Press Release

Pentagon Radically Reducing Oversight of Contracts Worth Tens of Billions

The Pentagon has radically decreased the Defense Contract Audit Agency’s (DCAA) review of contracts, according to an October 18 DCAA memo obtained by POGO. DCAA’s job is to protect taxpayers from contractor overbilling.

“POGO has long feared contractors and their government allies would block DCAA from exposing contractor ripoffs,” said Nick Schwellenbach, POGO’s director of investigations. “Why are billions of dollars being put at risk when Secretary Gates is demanding cost savings?”

According to the memo, contracting guidance “now limits contracting officer requests for audit services to Fixed-price proposals over $10 million and Cost-Type proposals over $100 million, unless there are exceptional circumstances.”

These audit services are reviews of cost data (referred to as “reviews”) and they entail an examination of a contractor’s cost proposal to the government. In these proposals, contractors estimate how much it will cost them to accomplish work on a contract.

Previously, there was no dollar threshold for reviews on fixed-price contract proposals, but contracting officers would limit requests for DCAA reviews of proposals over a threshold tied to the submission of cost or pricing data, which is currently $700,000. The old threshold for reviews of cost-type proposals was $10 million, but could be lower if the contractor has systemic problems estimating costs.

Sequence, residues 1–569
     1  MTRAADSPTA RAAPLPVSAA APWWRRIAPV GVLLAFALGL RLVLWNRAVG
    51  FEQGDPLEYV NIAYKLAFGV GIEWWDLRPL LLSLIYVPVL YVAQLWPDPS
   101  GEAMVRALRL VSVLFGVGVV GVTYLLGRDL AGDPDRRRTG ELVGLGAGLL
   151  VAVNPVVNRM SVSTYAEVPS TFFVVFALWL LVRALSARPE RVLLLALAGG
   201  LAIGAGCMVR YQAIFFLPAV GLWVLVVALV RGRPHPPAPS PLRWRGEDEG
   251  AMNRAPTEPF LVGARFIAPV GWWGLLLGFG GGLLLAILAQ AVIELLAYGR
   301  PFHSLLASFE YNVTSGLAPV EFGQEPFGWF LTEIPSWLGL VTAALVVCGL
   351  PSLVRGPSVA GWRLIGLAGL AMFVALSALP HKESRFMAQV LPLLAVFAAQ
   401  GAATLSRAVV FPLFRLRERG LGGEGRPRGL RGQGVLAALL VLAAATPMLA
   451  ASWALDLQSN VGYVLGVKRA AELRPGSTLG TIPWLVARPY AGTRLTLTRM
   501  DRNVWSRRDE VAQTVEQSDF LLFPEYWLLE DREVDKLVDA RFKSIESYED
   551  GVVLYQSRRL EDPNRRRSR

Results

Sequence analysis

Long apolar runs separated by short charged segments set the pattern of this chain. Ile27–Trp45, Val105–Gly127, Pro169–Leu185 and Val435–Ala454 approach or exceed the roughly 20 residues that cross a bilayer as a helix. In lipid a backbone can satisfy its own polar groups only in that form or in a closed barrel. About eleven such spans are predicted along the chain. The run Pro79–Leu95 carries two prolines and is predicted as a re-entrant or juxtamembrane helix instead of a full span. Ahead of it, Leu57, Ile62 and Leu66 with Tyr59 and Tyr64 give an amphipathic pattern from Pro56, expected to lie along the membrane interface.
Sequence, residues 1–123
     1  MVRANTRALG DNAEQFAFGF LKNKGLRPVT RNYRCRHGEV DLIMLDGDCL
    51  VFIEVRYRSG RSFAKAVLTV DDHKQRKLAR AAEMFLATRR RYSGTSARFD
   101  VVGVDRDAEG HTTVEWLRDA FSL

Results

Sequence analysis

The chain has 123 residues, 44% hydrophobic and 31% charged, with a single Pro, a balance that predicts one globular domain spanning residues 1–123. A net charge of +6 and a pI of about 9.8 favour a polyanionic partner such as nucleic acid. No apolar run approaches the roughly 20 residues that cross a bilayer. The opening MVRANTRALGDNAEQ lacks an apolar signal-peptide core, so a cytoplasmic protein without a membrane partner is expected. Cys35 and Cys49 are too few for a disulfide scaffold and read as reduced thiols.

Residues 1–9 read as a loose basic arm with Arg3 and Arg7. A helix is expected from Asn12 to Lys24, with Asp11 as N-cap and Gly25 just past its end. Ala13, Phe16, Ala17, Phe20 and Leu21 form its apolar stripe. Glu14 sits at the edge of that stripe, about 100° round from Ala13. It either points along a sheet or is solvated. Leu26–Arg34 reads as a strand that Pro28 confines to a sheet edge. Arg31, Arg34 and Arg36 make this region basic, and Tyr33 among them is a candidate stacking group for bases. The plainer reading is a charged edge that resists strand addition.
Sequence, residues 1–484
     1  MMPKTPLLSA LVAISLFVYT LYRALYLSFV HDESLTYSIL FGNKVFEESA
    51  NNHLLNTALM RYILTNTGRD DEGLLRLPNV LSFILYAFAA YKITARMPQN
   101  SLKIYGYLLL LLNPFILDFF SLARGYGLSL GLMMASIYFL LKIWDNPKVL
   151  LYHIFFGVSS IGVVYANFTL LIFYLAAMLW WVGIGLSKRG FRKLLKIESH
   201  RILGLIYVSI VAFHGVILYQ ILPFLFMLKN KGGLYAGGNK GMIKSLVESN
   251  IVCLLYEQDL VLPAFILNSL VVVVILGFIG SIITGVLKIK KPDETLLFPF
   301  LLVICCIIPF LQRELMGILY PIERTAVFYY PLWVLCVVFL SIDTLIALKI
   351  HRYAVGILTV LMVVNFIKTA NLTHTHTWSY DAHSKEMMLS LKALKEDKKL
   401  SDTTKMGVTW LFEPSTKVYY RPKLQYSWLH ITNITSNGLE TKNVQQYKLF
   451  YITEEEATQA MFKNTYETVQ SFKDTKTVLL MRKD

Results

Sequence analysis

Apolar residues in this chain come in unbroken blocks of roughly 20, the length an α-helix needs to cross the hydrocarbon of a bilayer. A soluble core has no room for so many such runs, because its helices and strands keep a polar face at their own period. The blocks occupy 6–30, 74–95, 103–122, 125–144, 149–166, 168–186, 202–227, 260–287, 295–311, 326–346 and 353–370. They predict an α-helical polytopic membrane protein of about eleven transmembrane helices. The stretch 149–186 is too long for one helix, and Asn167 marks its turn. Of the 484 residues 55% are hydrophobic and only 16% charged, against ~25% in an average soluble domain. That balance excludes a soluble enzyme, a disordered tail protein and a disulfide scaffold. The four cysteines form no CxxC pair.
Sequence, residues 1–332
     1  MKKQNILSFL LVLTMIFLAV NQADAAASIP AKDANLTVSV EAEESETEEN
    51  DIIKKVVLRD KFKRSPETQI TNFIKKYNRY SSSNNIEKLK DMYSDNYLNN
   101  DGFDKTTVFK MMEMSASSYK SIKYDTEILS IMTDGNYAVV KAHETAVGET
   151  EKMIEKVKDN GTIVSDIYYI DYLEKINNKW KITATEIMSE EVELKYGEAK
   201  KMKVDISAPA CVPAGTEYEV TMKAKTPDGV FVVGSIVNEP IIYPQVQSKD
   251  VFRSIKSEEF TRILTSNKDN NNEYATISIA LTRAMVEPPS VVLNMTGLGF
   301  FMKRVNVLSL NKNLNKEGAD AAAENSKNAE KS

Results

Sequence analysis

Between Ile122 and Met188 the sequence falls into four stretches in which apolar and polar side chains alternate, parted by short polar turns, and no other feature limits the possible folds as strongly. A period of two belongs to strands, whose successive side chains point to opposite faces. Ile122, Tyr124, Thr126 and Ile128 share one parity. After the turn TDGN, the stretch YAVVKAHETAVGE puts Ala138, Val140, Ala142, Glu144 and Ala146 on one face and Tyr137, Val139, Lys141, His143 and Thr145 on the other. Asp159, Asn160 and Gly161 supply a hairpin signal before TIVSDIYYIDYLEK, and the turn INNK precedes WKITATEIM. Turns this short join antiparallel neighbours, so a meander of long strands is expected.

In FY 2009, a total of at least $92 billion in Defense Department contracts fell between the old thresholds and the new ones, according to The $92 billion figure is a conservative estimate – it reflects awarded and funded contracts, rather than contract proposals, which are often higher than the funded contract award amounts.

The guidance states that cost proposals below the new dollar thresholds for review may be sent instead to the Defense Contract Management Agency (DCMA). DCMA is typically less thorough than DCAA, according to a 2009 Wartime Contracting Commission report. The DCMA also does not specialize in examining and verifying cost and pricing data.

The reason for this new restriction is DCAA’s attempt to perfectly comply with Generally Accepted Government Auditing Standards (GAGAS). With this standard, which requires meticulous documentation of findings, DCAA is unable to cover as much ground as they used to, thus the need to restrict “audits” as defined by GAGAS. The number of DCAA reports produced annually has plunged: 33,801 in FY 2007 to 30,352 in FY 2008 to 21,276 reports in FY 2009.

Rather than subjecting reviews of cost or pricing data to GAGAS, DCAA should consider these reviews as financial advisory services, which are not subject to all GAGAS requirements. This would better protect taxpayers and warfighters by allowing DCAA to review cost data and deliver advice to contracting officers in a timely fashion.